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Nice verb there, in the title.

Write a program that given an input string, will "elasticize" this string and output the result. Elasticizing a string is done as follows:

The first character is shown once. The second character is shown twice. The third character is shown thrice, and so on.

As you can see, the amount of duplications of a certain character is related to the character's index as opposed to its previous occurrences in the string.

You can expect to receive only printable ASCII characters. Based off the following link, these characters have decimal values 32-126.

Examples:

Why: Whhyyy

SKype: SKKyyyppppeeeee

LobbY: LoobbbbbbbYYYYY (Note how there are 7 b's since the first b is shown 3 times and the second b is shown 4 times, making a total of 7 b's).

A and B: A aaannnnddddd BBBBBBB

Shortest bytes wins :)

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    \$\begingroup\$ That seems to disagree with "no support for whitespace is needed, other than the space character". Should the output be the same as the input then? (Two one letter words?) Also note we have a nice place called the Sandbox where you can put challenges for people to give you feedback before posting them. \$\endgroup\$ Jun 20, 2016 at 19:50
  • \$\begingroup\$ FryAmTheEggman your assumption is valid. @TimmyD I realize where I was unclear, you may end up with strings separated my multiple spaces, as seen in the example FryAmTheEggman posted. \$\endgroup\$ Jun 20, 2016 at 19:52
  • \$\begingroup\$ I'm assuming that the shortest code wins? ;) \$\endgroup\$
    – Adnan
    Jun 20, 2016 at 19:54
  • \$\begingroup\$ @Adnan Yep, though I'm not sure if I should mark the answer with the shorted program as accepted, as certain languages are made for golfing purposes unlike others. \$\endgroup\$ Jun 20, 2016 at 19:56
  • 2
    \$\begingroup\$ Related: 1, 2 \$\endgroup\$
    – Sp3000
    Jun 21, 2016 at 3:36

67 Answers 67

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Brachylog v2, 6 bytes

i₁j₎w⊥

Try it online!

Half-port of Fatalize's v1 answer.

i₁        Choose a pair [element, 1-index] from the input.
  j₎      Replicate the element by its index.
    w     Print the result with no trailing newline.
     ⊥    Backtrack.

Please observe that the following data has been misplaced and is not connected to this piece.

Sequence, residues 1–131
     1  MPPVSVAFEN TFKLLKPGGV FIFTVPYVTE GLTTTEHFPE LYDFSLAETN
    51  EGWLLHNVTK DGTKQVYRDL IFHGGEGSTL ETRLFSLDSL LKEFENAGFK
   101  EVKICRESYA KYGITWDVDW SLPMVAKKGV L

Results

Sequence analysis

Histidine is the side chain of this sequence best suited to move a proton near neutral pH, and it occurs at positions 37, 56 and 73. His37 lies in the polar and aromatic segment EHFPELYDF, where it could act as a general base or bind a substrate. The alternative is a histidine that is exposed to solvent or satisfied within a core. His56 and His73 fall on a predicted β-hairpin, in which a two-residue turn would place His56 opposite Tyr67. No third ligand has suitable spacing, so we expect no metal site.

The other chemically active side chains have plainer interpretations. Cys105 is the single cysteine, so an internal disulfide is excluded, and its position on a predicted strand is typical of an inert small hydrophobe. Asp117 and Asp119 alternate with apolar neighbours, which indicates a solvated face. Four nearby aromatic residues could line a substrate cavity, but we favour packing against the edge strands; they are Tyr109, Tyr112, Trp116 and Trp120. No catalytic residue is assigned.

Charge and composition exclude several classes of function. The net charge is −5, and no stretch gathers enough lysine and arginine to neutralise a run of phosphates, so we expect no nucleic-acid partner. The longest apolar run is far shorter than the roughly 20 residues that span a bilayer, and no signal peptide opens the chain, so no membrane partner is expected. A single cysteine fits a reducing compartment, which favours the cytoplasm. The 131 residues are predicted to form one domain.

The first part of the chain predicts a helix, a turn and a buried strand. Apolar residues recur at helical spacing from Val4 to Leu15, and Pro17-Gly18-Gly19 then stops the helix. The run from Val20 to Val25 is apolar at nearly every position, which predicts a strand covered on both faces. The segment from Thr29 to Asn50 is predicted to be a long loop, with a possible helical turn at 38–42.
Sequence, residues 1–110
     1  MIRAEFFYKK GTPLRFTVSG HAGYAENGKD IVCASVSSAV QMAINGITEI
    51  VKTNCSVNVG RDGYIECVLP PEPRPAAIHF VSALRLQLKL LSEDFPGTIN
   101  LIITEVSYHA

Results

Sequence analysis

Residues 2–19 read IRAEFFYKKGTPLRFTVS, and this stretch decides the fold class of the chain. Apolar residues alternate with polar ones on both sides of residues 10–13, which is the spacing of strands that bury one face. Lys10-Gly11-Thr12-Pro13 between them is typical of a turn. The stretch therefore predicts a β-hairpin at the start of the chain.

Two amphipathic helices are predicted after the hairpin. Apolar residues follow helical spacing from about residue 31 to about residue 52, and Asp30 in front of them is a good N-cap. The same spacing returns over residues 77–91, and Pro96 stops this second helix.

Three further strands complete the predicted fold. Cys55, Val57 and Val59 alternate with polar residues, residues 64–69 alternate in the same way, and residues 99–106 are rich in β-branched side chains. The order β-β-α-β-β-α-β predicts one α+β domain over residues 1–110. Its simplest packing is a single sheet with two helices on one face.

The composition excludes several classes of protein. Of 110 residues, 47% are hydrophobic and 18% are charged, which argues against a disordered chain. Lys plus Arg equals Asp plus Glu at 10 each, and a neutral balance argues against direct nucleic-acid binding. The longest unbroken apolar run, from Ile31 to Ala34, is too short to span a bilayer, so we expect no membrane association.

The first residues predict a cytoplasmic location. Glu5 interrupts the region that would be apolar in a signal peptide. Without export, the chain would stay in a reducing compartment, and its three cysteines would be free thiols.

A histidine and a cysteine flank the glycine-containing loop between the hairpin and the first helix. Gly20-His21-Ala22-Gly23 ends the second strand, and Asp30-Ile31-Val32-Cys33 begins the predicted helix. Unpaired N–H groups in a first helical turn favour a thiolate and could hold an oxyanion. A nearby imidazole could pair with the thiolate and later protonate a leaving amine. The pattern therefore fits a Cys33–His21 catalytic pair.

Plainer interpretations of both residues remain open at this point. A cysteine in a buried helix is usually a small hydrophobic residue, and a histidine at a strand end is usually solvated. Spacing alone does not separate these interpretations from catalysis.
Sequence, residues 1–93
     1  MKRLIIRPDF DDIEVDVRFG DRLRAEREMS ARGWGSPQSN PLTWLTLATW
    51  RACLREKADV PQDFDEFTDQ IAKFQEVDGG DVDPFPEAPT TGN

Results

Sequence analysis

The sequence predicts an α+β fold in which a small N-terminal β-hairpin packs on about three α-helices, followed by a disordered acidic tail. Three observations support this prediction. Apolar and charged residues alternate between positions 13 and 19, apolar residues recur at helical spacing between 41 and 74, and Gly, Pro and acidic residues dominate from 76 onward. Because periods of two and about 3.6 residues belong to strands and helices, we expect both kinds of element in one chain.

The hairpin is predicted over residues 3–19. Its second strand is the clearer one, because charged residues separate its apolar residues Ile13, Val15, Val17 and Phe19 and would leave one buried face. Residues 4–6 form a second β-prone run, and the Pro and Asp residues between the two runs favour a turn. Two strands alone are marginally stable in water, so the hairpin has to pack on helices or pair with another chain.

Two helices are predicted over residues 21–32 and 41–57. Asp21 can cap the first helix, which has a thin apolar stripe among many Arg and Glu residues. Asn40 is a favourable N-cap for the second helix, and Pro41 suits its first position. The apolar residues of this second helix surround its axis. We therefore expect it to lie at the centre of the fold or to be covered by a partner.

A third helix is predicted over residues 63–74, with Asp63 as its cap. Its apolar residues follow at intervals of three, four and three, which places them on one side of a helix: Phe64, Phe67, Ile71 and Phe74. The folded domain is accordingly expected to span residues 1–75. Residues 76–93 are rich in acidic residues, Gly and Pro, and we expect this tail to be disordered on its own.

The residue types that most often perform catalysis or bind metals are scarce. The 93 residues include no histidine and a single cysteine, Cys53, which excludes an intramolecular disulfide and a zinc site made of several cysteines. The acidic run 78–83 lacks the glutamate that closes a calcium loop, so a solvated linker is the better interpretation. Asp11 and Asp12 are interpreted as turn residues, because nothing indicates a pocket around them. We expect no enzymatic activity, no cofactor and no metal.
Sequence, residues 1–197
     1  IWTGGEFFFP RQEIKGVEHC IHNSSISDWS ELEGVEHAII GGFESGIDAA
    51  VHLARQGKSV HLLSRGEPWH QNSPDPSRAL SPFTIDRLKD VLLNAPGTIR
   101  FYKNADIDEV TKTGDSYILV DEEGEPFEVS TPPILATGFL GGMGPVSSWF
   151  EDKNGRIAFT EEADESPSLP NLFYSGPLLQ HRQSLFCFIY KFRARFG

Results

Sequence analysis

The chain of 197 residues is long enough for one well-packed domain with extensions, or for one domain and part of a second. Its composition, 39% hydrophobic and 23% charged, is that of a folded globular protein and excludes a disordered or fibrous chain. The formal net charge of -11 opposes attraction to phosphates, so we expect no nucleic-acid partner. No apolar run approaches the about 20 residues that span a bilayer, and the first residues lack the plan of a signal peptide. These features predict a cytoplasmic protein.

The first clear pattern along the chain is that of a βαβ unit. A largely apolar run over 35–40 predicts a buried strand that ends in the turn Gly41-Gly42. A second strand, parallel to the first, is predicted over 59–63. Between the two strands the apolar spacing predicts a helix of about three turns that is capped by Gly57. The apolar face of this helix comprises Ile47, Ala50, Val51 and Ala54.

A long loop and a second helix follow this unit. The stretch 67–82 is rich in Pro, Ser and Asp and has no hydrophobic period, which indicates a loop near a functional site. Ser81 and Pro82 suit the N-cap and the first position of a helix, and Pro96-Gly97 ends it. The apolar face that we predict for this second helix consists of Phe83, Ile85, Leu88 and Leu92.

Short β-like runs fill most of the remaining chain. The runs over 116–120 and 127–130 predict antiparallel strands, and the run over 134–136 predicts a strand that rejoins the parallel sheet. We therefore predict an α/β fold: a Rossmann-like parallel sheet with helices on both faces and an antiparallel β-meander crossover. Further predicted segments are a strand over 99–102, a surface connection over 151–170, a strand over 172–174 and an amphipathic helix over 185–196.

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Thunno 2 J, 3 bytes

dż×

Attempt This Online!

Explanation

dż×  # Implicit input           ->  "Why"
d    # Split into characters    ->  ["W","h","y"]
 ż   # Length range             ->  ["W","h","y"]  [1,2,3]
  ×  # Multiply together        ->  ["W","hh","yyy"]
     # Implicit output, joined  ->  "Whhyyy"
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0
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PHP, 76 bytes

I'm sure this can be improved...

<?php for($i=0;$i<strlen($argv[1]);$i++)echo str_repeat($argv[1]{$i},$i+1);

Run from command line:

$ php [file] "Testing"
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0
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Silicon(non-competing), 6 bytes

(This language is exactly the same age as this challenge, but I added some useful commands right after I saw it, so non-competing I think.)

biSÚÿj

Silicon uses CP037, which is a 255-bit codepage.

Explanation:

b        Push a space
i        Input
S        Split
Ú        Enumerate
ÿ        Replicate each list item n times
j        Join
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Javascript, 58 bytes

e=a=>(Array.from(a).map((e,i)=>(e).repeat(i+1))).join("");

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Java, 136 bytes

enum b{;public static void main(String[]a){int i=0,j=0;for(;i<a[0].length();i++){for(;j<i+1;j++)System.out.print(a[0].charAt(i));j=0;}}}

Takes input as program arguments.

Ungolfed with comments:

enum b {;
    public static void main(String[]a) {
        int i=0, j=0;                               // Init counters
        for (; i<a[0].length(); i++) {              // For each characters in string
            for (; j < i + 1; j++)                  // Loop from 0 to i
                System.out.print(a[0].charAt(i));   // Print character at i
            j=0;                                    // Reset j
        }
    }
}
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0
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Jelly, 2 bytes

xJ

Try it online!

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